Pars Arts: Iranian Diaspora Life / Culture / Identity
First published August 23, 2009
Amir Motlagh is a writer, filmmaker, and musician who recently released “Whale,” a feature film that follows Cameron, a young, unpublished Iranian-American novelist (played by Motlagh) who has just returned home to Orange County. We interviewed him about “Whale” via email.
Pars Arts: Your new feature, “Whale,” is about an unpublished Iranian-American novelist who comes home to the OC to find his friends haven’t really grown up, and neither has he. Where did the idea for this story come from?
Amir Motlagh: The story is really my sentiment towards a generation of people who are lost in a sort of middle-class vacuum. I had been noticing a mass of mid- to late-twenties people moving back to their parents’ homes, without a concrete sense of direction, with financial problems, somewhat disillusioned, without the family responsibilities that, say, my parents had when they were my age. Maybe they’re educated, maybe not, but they’re frozen because of circumstance. There is a certain belated sense of growing up that might be a generational zeitgeist. At first I thought that this might be somewhat related to Diaspora, but I think that might not be the simple explanation.
So I wanted to present a story based in that type of backdrop, but without placing importance on those talking points. The film is really about the characters, with the region serving as a backdrop and possibly another functional character.
PA: The dialogue in this film feels really spontaneous and natural. Since your actors were also your friends, was there a lot of ad-libbing in the film?
AM: Whale is both scripted and improvised. Also, there was a mix of both professional and non-professional actors (predominately amateurs), some of whom I have known for a long time. I cast the film in a way that would create a comfortable and safe setting, enabling a sort of realism to emerge based on personal history, and that way I could maneuver the fictional elements in a less constricted way. But the film is first and foremost a fiction, so the truth lies in fiction. Which elements are “real” and which are not is not a pressing concern as far as the film is concerned. And the ad-libbing that was done all came out of a script and was staged in a way that served the story being told.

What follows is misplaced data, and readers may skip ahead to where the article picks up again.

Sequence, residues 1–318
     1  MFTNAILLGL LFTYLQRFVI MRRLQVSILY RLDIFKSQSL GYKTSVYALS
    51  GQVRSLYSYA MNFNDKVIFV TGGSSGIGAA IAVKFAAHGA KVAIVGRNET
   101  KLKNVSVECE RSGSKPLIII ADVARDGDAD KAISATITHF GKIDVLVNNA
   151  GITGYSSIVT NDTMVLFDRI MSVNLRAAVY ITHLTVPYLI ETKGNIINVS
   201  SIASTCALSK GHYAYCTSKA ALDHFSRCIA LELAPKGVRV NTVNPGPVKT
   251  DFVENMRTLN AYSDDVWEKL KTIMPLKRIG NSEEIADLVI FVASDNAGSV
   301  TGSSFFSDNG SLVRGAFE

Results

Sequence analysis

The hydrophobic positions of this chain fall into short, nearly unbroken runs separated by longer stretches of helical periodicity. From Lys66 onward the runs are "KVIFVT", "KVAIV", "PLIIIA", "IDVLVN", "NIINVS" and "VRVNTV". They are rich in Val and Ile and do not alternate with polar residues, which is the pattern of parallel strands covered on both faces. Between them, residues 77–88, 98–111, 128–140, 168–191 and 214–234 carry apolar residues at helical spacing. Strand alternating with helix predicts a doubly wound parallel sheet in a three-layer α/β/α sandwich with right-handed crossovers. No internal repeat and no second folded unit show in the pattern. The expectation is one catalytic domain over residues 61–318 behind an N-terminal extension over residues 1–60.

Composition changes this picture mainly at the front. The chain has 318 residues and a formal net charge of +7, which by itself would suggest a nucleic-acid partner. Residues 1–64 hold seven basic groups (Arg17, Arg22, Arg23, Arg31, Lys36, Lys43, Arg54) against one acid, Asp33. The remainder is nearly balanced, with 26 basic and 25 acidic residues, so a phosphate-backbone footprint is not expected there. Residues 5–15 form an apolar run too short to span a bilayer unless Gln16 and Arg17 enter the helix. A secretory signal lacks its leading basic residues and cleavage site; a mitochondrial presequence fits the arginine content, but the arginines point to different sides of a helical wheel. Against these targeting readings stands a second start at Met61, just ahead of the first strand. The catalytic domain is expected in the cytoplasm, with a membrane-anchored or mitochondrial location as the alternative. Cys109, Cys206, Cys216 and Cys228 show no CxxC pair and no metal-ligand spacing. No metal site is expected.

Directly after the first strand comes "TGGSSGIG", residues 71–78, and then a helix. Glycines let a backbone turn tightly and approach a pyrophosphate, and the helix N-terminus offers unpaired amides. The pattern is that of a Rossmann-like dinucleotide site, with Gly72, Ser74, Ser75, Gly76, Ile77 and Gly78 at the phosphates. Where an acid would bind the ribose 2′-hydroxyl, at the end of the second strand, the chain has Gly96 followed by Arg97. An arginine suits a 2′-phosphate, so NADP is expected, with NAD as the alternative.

PA: You play the main character, Cameron, and your real-life parents play Cameron’s parents in the film. I loved hearing them speak Persian. What was it like working with them?
AM: They have had to deal with their son carrying a camera around for many, many years. But as actors, my mother was very difficult. She is the biggest sweetheart and one of the biggest influences on my own cinema, as she introduced me to many independent and international cinemas early in my life, but nevertheless, our working relationship might be over. As far as my father, he took direction very well. It was a funny experience, but I think they thought of it in a very innocent way, and maybe, they didn’t really feel a movie was being made. I feel that the process of the film allowed me to get into places and use people that would otherwise freeze in front of a larger production.
PA: How do you think the Iranian-American background of your film’s main character colors the film, if at all?